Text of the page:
Overcoming Sensory Issues at the Dentist
There are a lot of sensory elements that come with your child’s visit to the dentist. The bright lights, loud noises, tastes and smells of oral care products can all cause sensory issues and anxiety for patients with autism. Even being touched by the dental staff can cause feelings of anxiety.
I have been practicing family dentistry for 17 years and am aware of the fear your child may be feeling. As a dentist, it’s our goal to make your child as comfortable as possible, and you can help too.
Here are some do’s and don’ts of what you can do to help your child overcome these sensory issues.
DO: Find ways to prepare for your child’s visit
Getting your child used to what they can expect at the dentist is a great start to overcoming sensory issues they may have. Some ways to do this are by starting at home. You can role play what a dental visit will be like by having your child lay on their back with their feet out and their hands on their stomach. Have them try opening their mouth open and wide. If they’re comfortable, you can also use an electric toothbrush to get them used to the vibrations.
Another way to help your child become familiar with the dentist is to schedule a desensitization appointment. Most pediatric and special needs dentists offer these types of appointments and they are a great way to meet the office and staff ahead of time and give your child an opportunity to see the dental office.
DON’T: Force the appointment
Your child may be hesitant or closed-off to the idea of visiting the dentist at first, and that’s okay. Don’t force it. Forcing the appointment can cause feelings of anger or hatred against the dentist. Instead, work slowly and take small steps. As mentioned before, a desensitization appointment can help in these instances by letting your child get a sense of what the dentist office looks like before the real appointment.
Once you can get the first appointment scheduled, there are a couple things you can do during the visit to try and keep hesitant feelings at a minimum. First, reducing the waiting time once you arrive at the dentist is important. Waiting for extended periods of time can be difficult and cause feelings of anxiety, so getting the appointment started as soon as possible will help with this. Communicating with the front office staff is a great way to minimize any wait time. Also, not showing up too early for your child’s appointment will help too and the visit can get started right away.
Taking frequent breaks during the visit is also a great way to help with the overwhelming feelings your child may have by giving your child a moment to close their mouth, sit up for a minute, or whatever it is they need.
DO: Use visuals & other tools
Visuals can be used in a number of ways to help overcome sensory issues at the dentist. They can be used while preparing for your child’s dental appointment and at the appointment itself. Before the visit, you can read a picture book about a dentist appointment or even create your own. This can allow your child to see what it may be like. You can also look up photos of your dentist and their office online which is another great way for your child to make that visual connection of what the dentist appointment will be like.
Using visuals and other tools while the appointment can be a great tool too. If your child has a favorite movie or TV show, consider bringing an iPad or portable DVD player to their visit to help distract them from what is happening in their math. Likewise, a favorite toy or fidget item can help be a great distraction from the work that the dentist is doing.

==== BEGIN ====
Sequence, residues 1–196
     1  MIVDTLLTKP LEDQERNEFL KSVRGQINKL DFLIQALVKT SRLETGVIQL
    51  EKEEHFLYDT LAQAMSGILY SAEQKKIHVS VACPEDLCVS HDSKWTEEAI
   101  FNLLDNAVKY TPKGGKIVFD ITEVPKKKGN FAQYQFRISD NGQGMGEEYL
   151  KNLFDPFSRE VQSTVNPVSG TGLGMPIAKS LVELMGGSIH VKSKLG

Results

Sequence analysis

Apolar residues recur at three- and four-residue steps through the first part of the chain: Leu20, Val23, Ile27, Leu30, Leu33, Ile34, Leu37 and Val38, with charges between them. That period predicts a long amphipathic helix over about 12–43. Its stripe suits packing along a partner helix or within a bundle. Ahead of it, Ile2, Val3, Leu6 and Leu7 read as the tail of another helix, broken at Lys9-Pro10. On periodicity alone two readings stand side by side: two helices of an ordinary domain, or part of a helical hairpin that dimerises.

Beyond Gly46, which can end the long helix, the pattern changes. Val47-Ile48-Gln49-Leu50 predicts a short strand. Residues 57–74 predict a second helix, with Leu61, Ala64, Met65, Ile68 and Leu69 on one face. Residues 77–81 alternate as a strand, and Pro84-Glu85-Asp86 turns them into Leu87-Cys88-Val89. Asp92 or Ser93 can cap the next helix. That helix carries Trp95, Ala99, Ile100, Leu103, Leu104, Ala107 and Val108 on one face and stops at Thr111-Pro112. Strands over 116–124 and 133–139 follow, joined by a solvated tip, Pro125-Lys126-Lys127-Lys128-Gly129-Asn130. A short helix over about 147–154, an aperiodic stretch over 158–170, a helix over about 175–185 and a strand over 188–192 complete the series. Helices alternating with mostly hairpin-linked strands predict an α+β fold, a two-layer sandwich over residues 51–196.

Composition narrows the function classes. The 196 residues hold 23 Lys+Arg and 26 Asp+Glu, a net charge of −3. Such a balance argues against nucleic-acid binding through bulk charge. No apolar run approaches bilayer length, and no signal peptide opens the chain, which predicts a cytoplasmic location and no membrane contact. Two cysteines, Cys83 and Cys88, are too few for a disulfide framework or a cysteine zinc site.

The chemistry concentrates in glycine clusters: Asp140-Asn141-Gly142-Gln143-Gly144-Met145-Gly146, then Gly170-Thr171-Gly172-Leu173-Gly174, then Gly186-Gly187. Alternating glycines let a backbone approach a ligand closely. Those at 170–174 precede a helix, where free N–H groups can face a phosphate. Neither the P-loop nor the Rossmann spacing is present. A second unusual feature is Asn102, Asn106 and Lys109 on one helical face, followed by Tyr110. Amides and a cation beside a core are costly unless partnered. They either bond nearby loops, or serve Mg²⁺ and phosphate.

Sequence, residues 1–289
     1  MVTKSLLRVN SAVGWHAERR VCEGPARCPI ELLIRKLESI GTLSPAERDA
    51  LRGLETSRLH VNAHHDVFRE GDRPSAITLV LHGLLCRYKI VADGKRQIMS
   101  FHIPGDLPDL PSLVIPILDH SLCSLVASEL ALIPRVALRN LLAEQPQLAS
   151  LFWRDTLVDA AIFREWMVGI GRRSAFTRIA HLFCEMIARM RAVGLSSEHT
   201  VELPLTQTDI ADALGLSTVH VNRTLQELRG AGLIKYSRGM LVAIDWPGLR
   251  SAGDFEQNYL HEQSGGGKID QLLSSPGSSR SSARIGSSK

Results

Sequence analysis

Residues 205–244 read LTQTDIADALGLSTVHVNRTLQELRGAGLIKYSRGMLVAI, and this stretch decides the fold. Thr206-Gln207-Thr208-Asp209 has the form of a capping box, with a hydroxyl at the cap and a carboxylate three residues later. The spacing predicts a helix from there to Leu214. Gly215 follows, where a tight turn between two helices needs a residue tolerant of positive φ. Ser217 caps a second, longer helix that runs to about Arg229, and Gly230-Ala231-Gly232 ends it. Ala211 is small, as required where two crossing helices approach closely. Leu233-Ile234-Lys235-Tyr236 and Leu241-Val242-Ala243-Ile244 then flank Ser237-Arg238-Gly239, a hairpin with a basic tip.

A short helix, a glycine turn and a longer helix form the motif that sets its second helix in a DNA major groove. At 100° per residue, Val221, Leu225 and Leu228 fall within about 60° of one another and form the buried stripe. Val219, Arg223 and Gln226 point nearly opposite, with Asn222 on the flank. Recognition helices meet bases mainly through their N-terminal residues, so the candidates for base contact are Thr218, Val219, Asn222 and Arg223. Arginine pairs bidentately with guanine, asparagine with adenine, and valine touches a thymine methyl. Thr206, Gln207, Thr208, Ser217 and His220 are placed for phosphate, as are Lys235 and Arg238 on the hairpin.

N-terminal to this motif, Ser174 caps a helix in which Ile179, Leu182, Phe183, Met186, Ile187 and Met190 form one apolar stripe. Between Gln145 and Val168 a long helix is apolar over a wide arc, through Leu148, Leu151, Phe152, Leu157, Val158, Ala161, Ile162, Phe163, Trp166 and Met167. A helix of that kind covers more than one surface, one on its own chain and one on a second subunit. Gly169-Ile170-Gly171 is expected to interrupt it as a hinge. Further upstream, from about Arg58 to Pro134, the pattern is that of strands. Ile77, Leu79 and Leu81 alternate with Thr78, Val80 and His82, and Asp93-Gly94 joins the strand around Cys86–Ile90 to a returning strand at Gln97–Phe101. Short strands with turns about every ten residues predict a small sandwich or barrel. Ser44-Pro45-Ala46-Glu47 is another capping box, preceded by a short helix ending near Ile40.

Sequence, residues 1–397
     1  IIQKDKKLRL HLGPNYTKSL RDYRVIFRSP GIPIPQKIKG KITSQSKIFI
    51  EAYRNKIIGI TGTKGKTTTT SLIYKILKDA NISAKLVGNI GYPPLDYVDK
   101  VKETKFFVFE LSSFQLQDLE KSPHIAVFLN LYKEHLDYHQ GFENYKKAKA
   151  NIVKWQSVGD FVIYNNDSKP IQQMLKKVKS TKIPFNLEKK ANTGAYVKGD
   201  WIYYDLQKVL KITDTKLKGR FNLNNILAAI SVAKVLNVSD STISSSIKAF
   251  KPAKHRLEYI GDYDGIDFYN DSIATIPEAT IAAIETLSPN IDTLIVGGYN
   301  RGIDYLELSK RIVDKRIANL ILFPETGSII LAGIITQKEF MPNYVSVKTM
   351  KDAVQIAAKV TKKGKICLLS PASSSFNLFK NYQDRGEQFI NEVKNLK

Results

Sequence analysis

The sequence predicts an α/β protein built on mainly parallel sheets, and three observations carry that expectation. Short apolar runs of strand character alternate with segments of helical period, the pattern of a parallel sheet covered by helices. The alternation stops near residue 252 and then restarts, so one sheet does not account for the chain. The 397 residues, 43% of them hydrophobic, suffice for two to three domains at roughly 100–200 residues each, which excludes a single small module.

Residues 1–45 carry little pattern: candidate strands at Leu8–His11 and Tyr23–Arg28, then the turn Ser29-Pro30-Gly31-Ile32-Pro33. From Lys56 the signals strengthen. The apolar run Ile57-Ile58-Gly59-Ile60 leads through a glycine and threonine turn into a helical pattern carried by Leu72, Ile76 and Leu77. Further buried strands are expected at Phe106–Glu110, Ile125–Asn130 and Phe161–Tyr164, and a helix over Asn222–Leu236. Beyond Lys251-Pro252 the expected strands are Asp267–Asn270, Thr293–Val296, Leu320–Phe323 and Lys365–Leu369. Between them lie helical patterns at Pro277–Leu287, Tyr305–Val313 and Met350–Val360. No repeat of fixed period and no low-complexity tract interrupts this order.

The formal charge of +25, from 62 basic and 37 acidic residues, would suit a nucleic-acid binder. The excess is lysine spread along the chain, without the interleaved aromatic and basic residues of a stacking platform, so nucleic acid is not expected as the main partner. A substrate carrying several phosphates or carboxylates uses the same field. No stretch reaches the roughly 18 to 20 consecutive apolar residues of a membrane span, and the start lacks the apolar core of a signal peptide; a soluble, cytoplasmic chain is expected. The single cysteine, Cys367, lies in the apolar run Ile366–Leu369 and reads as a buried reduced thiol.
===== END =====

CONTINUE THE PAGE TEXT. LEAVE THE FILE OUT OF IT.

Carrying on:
DON’T: Do nothing
Your child trusts you and will most likely rely on you to help them overcome the sensory issues they may have in regard to the dentist. If it’s your child’s first visit to the dentist, you are probably just as anxious as them but it’s important that you still do your part in preparing them for what to expect at their appointment. If you don’t, there is a risk of the appointment going poorly which can make them hesitant to visit the dentist again.
DO: Speak up
Remember that as a parent, you are in control of your child’s dentist appointment. If at any time you feel uncomfortable or can sense your child becoming too overwhelmed, speak up. Listen to your parental instinct and don’t let the appointment continue. Your dentist will understand, and you don’t have to feel bad for speaking up and looking out for your child. That’s your job.
DON’T: Stay quiet
You don’t want to stay quiet during your child’s dentist appointment. Any concerns you have should be made known. If your child’s appointment isn’t going smoothly or as planned, you need to say something. As mentioned before, your child is probably relying on you to help overcome the sensory issues they may be having. If you can tell they are overwhelmed, speak up and have them take a break before continuing the appointment. Speaking up for your child will help eliminate hesitant feelings in the future because they know you will have their back the entire visit.
The dentist office can be an overwhelming place, and a lot of sensory issues can arise from this. However, there are ways to overcome these issues and turn it into something positive. The dentist office can be a great learning experience for you and your child. Your dentist will work to make the visit be as comfortable as possible, and these steps will help make your child’s visit be a better experience.
To learn more about Dr. Greg Grillo, please visit www.dentably.com
My daughter is dead scared of going to the dentist cause indeed she detests the pain she associates with it. Thank you for these tips and suggestions so that at least I can help her overcome it.